It’s often claimed that, when you tell someone not to do Something, Something becomes the thing they want most to do.
But could it be that Something might be right?Tabby’s Place is located in the glittering non-metropolis of Ringoes, New Jersey, population: 14. Ringoes is known for having approximately three farms, 470 gas stations, 480 pizza parlors, and one Tabby’s Place. When a car drives down the main street, all the citizens of Ringoes get out on their porches to watch and say “I reckon that’s a mighty fine automobile!”
Ringoes is nestled in Hunterdon County, which is essentially a conglomeration of Ringoeses. We pride ourselves on things like Leon’s Sod Farm. It’s major news when, say, a town council votes to remove an ugly fence, only to find more ugliness. (Think I’m making this up? Think again.) Andy Griffith once visited Hunterdon County, but he left because he found it too quiet. Ours is not a community where flashy fellows drive fast cars. And if they did, our cops would be very excited to ticket them, since our county speed limits max out around 7 MPH.
So who, exactly, is hitting all these cats?
We’ve had a platoon of car-clobbered felines at Tabby’s Place this summer. The perpetrators are anyone’s guess, but the victims are ours to adore.
They’re also not the type to call themselves “victims.” Take Ella, the torbie teenager. Six months old and strolling well within the speed limit, she was in the wrong place at the wrong time in nearby Clinton, NJ.
Then again, maybe not.
If it weren’t for the crash, Ella wouldn’t have crumpled into an orange-and-brown puddle on the roadside. If it weren’t for that sad sight, Good Samaritans wouldn’t have scooped her up. And if it weren’t for their scooping, Ella would have continued wandering alone, never to come to Tabby’s Place.
In a way, then, Ella walked directly into a better future. Do not get broken by a car…unless it’s meant to open your life to wholeness.
Of course, we’d prefer to have spared her the suffering, both in the crash itself and in all the drama since. Ella endured two weeks of intensive care at a specialty hospital, including life-saving surgery that left her the Bionic Feline. The next time Ella flies to Ibiza for vacation, she’ll make the metal detectors squeal thanks to all the pins and plates in her pieced-together pelvis and legs. She’s also adjusting to life with 75% of the normal quota of legs, having needed one of her back legs amputated.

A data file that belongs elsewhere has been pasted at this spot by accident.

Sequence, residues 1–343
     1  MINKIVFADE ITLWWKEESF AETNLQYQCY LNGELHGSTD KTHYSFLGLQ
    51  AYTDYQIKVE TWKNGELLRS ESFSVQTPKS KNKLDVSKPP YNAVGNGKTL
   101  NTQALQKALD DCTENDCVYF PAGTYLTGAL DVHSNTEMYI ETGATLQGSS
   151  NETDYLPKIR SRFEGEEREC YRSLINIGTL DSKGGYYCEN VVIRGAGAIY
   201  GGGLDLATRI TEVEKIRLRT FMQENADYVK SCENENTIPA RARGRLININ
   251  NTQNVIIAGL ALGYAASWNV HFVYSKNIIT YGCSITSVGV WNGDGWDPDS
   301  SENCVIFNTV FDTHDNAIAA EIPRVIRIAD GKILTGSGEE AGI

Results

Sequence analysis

But our brave little baby shows no angst over the past. If Ella’s anxious over anything, it’s just eagerness to move forward — specifically, forward and out of her crate. Cage rest is a drag when you’re seven months old and sweet on life. But this, too, shall pass. The worst is over, and the best is so frickin’ yet to come.
That’s a truth tasted by Ella’s comrade in car crashes, Papillon. Quite a bit younger than Ella, Papillon was similarly struck by some vile vehicle, only to find her way to us through the usual convoluted set of sacred circumstances. We never know the whole story; we never need to. We only know that Papillon is meant to be here, and she’s on her way to being whole.
This is where we must pause for a brief pronunciation lesson. Papillon = PAH-pee-yon. Not Pa-PILL-on. Not PA-pill-yon. The L is silent. The name is French. The origin is the old Steve McQueen/Dustin Hoffman prison break movie, given thanks to the kitten’s own great escape.
And the name means, aptly enough, butterfly. Do not get grounded by a crash…unless it breaks you open for fuller flight.
As I type this tale, Papillon is venturing on tenterhooks into one of her maiden flights. OK, that’s a big batch of bogus; Papillon is flying out at 300,000 frenzied, free-spirited miles per hour (please give this new driver some grace, Hunterdon highway patrol). Most of Papillon’s days and nights are spent “imprisoned” on cage rest, a necessity since she’s still limping from her injuries, and awaiting an appointment with an orthopedist (quelle domage). But for a few brief hours each day, Papillon flies.
It’s only the beginning. There are far, far better things ahead than any she, and Ella, and we, leave behind.
Imagine that — all right here in Hunterdon County.
Breaking news: Papillon has seen the orthopedist. Papillon shall be well. And…the orthopedist is going to adopt Papillon. Yes. We fly we’re we’re ought, even if a crash gets us there.